As for eating cheap, whole chickens on clearance are your best friend. If you have freezer space, you can get 4 or 5 of them at like $3 a piece, which is literally like $1.50 per huge meal. Anything that doesn't expire quickly should be bought in bulk if possible. If you don't mind cheating a bit, outmeal is dirt cheap and it's still much better than what most people eat. I ate it on and off until recently.

                    So basically, for cheap:

                    and for easy:
                    -non-diverse meals
                    -easy to cook
                    -limit clean up


                    • #11
                      I'm also a primal college student. I buy mostly local free range stuff but usually spend under $50/week on food and very little prep time.
                      I usually don't eat 3 meals a day, which helps with both my focus in the morning and the daily food cost.
                      I eat lots of eggs, sausage, and tuna, which are relatively cheap. Also, flash-frozen wild caught fish can be quite cheap-- I sometimes find wild tilapia, flounder, etc. for $2/6 fillets at the grocery store.
                      I buy leafy dark greens like kale, collards, chard instead of salad greens.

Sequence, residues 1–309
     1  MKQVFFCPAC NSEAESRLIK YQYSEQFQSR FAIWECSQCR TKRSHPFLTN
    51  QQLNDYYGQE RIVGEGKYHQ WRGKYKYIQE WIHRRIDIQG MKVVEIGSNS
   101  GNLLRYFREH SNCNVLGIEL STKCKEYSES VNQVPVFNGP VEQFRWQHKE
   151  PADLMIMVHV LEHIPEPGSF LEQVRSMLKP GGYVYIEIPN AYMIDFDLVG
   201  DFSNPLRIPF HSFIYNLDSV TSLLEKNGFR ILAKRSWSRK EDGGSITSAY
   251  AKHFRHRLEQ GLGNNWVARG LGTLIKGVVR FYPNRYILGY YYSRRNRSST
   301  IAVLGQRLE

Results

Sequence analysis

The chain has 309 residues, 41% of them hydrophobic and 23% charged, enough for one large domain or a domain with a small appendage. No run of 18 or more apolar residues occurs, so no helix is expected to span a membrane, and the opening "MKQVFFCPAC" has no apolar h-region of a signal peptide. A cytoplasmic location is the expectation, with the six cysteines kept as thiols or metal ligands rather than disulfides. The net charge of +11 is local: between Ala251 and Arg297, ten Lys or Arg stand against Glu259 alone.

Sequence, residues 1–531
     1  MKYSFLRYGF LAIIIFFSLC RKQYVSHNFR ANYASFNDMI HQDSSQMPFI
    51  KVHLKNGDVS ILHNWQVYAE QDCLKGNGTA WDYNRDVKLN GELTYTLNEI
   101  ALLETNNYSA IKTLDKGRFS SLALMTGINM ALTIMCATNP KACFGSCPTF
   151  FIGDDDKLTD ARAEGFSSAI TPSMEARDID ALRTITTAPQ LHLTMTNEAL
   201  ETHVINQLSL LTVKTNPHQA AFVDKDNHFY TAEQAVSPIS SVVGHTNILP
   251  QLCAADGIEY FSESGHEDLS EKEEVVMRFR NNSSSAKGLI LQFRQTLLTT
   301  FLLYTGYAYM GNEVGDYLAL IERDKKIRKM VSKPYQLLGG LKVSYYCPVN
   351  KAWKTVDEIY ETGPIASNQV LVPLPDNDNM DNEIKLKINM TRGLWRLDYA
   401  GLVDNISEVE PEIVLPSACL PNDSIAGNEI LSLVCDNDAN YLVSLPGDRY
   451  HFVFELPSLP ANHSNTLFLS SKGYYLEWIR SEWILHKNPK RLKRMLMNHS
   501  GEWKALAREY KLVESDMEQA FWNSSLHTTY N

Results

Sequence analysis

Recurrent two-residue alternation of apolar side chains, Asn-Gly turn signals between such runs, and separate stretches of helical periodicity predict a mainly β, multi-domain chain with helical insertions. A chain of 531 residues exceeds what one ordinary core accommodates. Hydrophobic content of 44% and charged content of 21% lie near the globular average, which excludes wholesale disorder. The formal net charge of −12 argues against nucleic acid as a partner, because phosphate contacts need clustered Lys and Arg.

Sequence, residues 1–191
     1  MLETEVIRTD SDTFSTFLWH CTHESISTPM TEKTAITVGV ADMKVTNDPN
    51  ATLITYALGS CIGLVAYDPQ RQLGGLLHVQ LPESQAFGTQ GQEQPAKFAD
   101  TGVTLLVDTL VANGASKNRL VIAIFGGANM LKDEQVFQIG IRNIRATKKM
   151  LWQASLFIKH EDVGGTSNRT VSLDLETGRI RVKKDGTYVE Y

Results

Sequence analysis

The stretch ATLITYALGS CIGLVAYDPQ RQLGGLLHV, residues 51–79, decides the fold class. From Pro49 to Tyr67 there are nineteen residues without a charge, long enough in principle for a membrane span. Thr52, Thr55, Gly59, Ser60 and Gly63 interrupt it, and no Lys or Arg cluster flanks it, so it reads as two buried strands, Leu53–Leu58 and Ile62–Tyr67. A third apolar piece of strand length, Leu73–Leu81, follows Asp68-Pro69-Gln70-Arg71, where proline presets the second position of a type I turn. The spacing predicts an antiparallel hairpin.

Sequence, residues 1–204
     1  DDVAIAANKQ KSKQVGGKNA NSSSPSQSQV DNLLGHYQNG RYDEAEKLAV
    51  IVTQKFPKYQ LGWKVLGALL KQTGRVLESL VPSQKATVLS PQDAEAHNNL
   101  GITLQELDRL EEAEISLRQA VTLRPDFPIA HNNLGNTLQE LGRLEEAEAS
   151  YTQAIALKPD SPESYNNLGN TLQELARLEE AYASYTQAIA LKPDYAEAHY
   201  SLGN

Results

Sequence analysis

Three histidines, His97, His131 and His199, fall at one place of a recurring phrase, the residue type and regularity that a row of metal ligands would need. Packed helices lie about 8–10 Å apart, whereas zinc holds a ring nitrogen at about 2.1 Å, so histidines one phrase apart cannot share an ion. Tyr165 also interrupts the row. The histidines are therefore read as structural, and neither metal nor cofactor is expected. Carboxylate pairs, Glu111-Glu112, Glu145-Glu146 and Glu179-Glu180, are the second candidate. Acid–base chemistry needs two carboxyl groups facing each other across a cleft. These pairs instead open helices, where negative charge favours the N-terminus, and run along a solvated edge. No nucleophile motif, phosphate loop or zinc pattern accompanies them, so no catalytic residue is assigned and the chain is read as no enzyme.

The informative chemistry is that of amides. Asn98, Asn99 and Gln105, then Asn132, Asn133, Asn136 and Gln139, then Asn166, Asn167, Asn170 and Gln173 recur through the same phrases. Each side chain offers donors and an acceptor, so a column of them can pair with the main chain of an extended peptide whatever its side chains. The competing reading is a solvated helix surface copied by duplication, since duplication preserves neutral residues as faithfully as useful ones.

If I buy chicken, I get the thighs or legs that are cheaper and more nutrient dense.
                      Coconut milk curry with fish or chicken and leftover vegetables is cheap and delicious.
                      Look for ethnic food stores or the asian or hispanic section of the grocery store-- often they have canned goods and nuts, etc cheaper than the conventional brands.


                      • #12
                        Thanks for the responses and well wishes, everyone!

                        I'm definitely making a good shift. And I'm definitely employing the crockpot!

                        You all are awesome! Thanks for helping me out on my primal transition.

                        P.S. For those other college students out there on a budget, I switched to using baking soda as a shampoo replacement. It's great, especially since I can get a box for under a dollar. My hair is getting a lot softer and shinier also.